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THE RIGS O’ BARLEY.

TUNE_" Corn rigs are bonnie.
It was upon a Lammas night,

When corn rigs are bonnie,
Beneath the moon's unclouded light

I hied awa to Annie:
The time flew by wi' tentless heed,

'Till 'tween the late and early;
Wi' sma' persuasion she agreed
To see me thro' the barley.
Corn rigs, and barley rigs,

And corn rigs are bonnie :
I'll ne'er forget that happy night

Amang the rigs wi° Annie.

The sky was blue, the wind was still,

The moon was shining clearlie;
I set her down, wi' right gude will,

Amang the rigs o' barley:

I kent her heart was a' my ain;

I lov'd her most sincerely;
I kiss'd her o'er and o'er again
Amang the rigs o' barley.

Corn rigs, fc.
I lock'd her in my fond embrace;

Her heart was beating rarely:
My blessings on that happy place,

Amang the rigs o' barley! But by the moon and stars so bright,

That shone that hour so clearly! She ay shall bless that happy night Amang the rigs o' barley!

Corn rigs, fc.
I hae been blythe wi' comrades dear;

I hae been merry drinking;
I hae been joyfu' gath’ring gear;

I hae been happy thinking:
But a' the pleasures e'er I saw,

Tho' three times doubled fairly, That happy night was worth them a', Amang the rigs o' barley.

Corn rigs, fc.

LEWIE GORDON.
O SEND Lewie Gordon hame,
And the lad I daurna name;
Though his back be at the wa',
Here's to him that's far awa.

O hon, my Highlandman !
O my bonnie Highlandman,
Weel wou'd I my true love ken
Amang ten thousand Highlandmen.

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This lovely youth, of whom I sing,
Is fitted for to be a king:
On his breast he wears a star,
You'd take him for the god of war.

O hon, &c.
O! to see this princely one
Seated on a royal throne,
Disasters a' would disappear;
Then begins the jub'lee year. *

O hon, &c.

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DINNA THINK, BONNIE LASSIE. O DINNA think, bonnie lassie, I'm gaun to leave thee; Dinna think, bonnie lassie, I'm gaun to leave thee; Dinna think, bonnie lassie, I'm gaun to leave thee; I'll tak a stick into my hand, and come again and see thee.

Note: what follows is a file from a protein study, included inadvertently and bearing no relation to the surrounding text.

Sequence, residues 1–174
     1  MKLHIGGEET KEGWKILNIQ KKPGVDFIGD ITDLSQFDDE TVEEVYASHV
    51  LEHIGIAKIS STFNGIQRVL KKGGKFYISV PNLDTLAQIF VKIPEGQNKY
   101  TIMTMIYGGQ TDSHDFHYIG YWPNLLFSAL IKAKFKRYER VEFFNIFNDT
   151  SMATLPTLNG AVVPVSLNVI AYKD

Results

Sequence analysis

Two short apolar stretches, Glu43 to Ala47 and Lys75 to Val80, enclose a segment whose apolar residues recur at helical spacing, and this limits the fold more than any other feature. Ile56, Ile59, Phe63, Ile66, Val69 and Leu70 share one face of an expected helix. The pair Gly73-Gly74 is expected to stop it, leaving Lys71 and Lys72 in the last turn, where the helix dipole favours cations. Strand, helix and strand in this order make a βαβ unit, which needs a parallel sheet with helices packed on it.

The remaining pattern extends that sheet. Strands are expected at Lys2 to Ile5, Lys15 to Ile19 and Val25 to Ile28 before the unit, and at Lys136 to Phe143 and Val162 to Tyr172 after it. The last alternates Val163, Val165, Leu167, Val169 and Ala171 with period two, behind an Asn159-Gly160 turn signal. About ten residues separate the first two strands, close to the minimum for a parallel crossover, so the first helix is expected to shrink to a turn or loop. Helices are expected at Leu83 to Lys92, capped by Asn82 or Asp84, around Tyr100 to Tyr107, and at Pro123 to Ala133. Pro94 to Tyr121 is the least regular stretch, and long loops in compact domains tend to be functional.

* “ This air is a proof how one of our Scottish tunes comes to be composed out of another. I have one of the earliest copies of the song, and it has prefixed, “ Tune of Tarry Woo"-of which tune a different set has insensibly varied into a different air.--To a Scotch critic, the pathos of the line,

• Tho' his back be at the wa," must be very striking.-It needs not a Jacobite prejudice to be affected with this song. The supposed author of Lewis Gordon was a Mr. Geddes, priest, at Shenval, in the Ainzie." Burns.

Far's the gate ye hae to gang, dark's the night and eerie, Far's the gate ye hae to gang, dark's the night and eerie, Far's the gate ye hae to gang, dark's the night and eerie, O stay this ae night wi' your love, and dinna gang and

leave me. It's but a night and hauf a day that I'll leave my dearie; But a night and hauf a day that I'll leave my dearie; But a night and hauf a day that I'll leave my dearie; Whene'er the sun gaes west the loch, I'll come again and

see thee. Dinna gang, my bonnie lad, dinna gang and leave me; Dinna gang, my bonnie lad, dinna gang and leave me; When a' the lave are sound asleep I am dull and eerie, And a' the lee-lang night I'm sad, wi' thinking on my

dearie. O dinna think, bonnie lassie, I'm gaun to leave thee; Dinna think, bonnie lassie, I'm gaun to leave thee; Dinna think, bonnie lassie, I'm gaun to leave thee; Whene'er the sun gaes out o' sight I'll come again and

see thee Waves are rising o'er the sea, winds blaw loud and fear

me; Waves are rising o'er the sea, winds blaw loud and fear

me; While the winds and waves do roar, I am wae and

drearie, And gin ye loo me as ye say, ye winna gang and leave

me.

O never mair, bonnie lassie, will I gang and leave thee;
Never mair, bonnie lassie, will I gang and leave thee;
Never mair, bonnie lassie, will I gang and leave thee;
E'en let the warld gae as it will, l'll stay at hame and

cheer thee. Frae his hand he coost his stick, I winna gang and leave

thee; Threw his plaid into the neuk, never can I grieve thee;

Drew his boots, and flang them by, cried, my lass be

cheerie, I'll kiss the tear frae aff thy cheek, and never leave my

dearie.

O LET ME IN THIS AE NIGHT.
O LASSIE, art thou sleeping yet?
Or art thou wauken, I would wit?
For love has bound me hand and foot,
And I would fain be in, jo.
O let me in this ae night,

This ae, ae, ae night;
For pity's sake this ae night,

O rise and let me in, jo.

Out owre the moss, out owre the muir,
I came, this dark and drearie hour,
And here I stand without the door,
Amid the pouring storm, jo.

O let me in, &c.

Thou hear'st the winter wind and weet,
Nae star blinks thro' the driving sleet;
Tak pity on my wearie feet,
And shield me frae the rain, jo.

O let me in, fc.

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